Oregon House approves bill to boost semiconductor industry with funding and new powers for the governor. Tax breaks for companies under consideration.

Production and cleanroom facilities at work in Intel’s D1D/D1X plant in Hillsboro, Oregon

Oregon lawmakers approved Senate Bill 4, aimed at attracting semiconductor manufacturers to the state. The bill includes $210 million in grants and loans for companies to develop land and conduct research, and grants Governor Tina Kotek the power to shift urban growth boundaries in order to attract more industrial land for development. The bipartisan-supported bill is designed to leverage $200 million in state spending into much more federal funding to boost domestic semiconductor manufacturing.

Criticism of SB 4 has centered on the land-use provision, which has generated concerns from farmers, conservation groups, and Republican lawmakers over granting Kotek too much power that could result in the loss of valuable farmland. Protected farmlands surrounding Hillsboro, the epicenter of the state’s semiconductor industry, have been a particular point of discussion.

During a debate on Thursday, state Rep. Ed Diehl, R-Scio, voiced his concern, stating that he could not give the governor super-siting authority to take lands and bring them into the urban growth boundary, saying that it was not the Oregon way.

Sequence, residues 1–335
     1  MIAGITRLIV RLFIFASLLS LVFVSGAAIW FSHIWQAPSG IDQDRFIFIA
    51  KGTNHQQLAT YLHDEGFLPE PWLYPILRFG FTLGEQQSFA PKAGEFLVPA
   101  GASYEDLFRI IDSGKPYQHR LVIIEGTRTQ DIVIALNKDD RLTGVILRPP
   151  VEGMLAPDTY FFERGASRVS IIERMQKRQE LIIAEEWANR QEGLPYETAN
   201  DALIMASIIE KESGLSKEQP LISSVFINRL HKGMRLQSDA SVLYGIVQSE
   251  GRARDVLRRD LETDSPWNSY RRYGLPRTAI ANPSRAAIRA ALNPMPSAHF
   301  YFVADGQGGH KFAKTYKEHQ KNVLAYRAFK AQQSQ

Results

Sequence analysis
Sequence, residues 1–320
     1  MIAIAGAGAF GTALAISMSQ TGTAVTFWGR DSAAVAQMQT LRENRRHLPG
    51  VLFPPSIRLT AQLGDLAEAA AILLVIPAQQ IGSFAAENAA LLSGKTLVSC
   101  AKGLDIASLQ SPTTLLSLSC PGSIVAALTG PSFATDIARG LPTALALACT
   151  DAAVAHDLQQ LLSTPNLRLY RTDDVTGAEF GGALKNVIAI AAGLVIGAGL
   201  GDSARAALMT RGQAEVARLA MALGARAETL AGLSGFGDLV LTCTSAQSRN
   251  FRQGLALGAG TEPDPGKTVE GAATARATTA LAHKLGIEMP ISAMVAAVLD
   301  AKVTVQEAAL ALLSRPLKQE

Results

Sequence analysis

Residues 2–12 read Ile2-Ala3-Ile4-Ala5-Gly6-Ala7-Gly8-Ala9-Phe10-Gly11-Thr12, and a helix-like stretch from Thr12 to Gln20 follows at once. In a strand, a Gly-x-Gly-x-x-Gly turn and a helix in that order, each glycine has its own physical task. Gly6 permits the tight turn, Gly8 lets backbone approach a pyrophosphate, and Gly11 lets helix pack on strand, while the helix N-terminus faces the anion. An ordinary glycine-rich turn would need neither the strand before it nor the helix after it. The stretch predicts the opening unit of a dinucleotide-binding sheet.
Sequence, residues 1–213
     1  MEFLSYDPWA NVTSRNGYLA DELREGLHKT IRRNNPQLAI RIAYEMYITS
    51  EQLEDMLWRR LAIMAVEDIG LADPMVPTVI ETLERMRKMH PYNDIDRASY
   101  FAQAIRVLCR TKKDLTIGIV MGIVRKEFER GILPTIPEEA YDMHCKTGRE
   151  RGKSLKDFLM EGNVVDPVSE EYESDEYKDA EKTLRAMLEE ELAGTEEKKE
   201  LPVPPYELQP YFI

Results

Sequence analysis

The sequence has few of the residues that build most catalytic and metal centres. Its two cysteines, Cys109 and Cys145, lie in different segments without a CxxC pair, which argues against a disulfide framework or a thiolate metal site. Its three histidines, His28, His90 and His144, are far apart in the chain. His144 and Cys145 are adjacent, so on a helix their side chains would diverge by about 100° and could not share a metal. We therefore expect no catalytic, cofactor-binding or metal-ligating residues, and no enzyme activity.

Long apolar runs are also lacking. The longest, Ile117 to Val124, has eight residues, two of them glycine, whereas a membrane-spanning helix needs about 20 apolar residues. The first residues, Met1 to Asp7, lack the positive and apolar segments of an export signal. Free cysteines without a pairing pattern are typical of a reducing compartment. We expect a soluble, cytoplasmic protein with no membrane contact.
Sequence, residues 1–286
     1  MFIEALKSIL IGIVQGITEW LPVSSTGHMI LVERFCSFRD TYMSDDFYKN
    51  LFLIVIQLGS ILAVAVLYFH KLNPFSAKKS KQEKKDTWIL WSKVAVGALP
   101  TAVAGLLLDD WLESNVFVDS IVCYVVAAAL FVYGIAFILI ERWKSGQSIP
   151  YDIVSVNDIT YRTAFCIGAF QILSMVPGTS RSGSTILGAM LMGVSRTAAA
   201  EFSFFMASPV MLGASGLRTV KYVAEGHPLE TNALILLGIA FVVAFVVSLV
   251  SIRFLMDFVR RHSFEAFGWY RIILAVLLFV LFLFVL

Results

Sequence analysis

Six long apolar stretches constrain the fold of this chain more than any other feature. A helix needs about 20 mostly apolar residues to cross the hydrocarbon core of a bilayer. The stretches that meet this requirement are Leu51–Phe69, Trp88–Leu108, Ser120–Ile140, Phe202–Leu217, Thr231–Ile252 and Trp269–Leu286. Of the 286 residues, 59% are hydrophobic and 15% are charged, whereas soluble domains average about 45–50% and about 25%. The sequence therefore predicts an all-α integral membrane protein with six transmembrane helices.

Others have taken issue with the decision to commit over $200 million of Oregon’s limited budget at a time when lawmakers do not precisely know how much they will have to spend in the two-year budget that begins in July. The estimates on those figures will not emerge until May.

Despite these criticisms, members of both parties have shown support for SB 4, highlighting the bill as a once-in-a-generation chance to boost the state’s economy for decades to come. Oregon has been a key player in the country’s semiconductor industry since the 1970s, representing almost 15% of the national semiconductor workforce today. Intel has a significant campus in Hillsboro that employs many in the industry.

However, the state has lost out to other states recently in the competition to attract major new facilities, with Ohio, Texas, Arizona, and New York having success in winning those projects. All are expected to compete fiercely for federal CHIPS Act money. To bolster the state's position, members of Oregon’s congressional delegation invited U.S. Commerce Secretary Gina Raimondo to Oregon on Wednesday to argue that Oregon should be a significant recipient of federal funds.

With SB 4 passed, lawmakers are now focusing on tax subsidies that might further entice semiconductor activity in Oregon. A research-and-development tax credit is one significant area of focus. Lawmakers on a Joint Semiconductor Committee previewed an initial proposal for such a credit on Wednesday evening. State Sen. Mark Meek, D-Oregon City, and Rep. Nancy Nathanson, D-Eugene, sketched out a plan that would grant companies up to $10 million in tax breaks for new research and development spending within the state. Nathanson and Meek emphasized that the proposal was more generous than similar credits offered by other states competing for semiconductor investment.